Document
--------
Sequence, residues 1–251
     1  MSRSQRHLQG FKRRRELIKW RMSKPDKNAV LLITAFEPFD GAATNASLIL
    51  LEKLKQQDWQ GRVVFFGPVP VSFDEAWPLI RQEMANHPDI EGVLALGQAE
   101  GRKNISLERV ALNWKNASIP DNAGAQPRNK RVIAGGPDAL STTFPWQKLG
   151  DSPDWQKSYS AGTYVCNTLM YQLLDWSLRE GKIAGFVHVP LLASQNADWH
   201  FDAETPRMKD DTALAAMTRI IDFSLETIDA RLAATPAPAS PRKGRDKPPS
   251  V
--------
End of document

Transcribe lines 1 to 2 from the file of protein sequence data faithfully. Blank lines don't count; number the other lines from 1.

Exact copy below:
Sequence, residues 1–251
     1  MSRSQRHLQG FKRRRELIKW RMSKPDKNAV LLITAFEPFD GAATNASLIL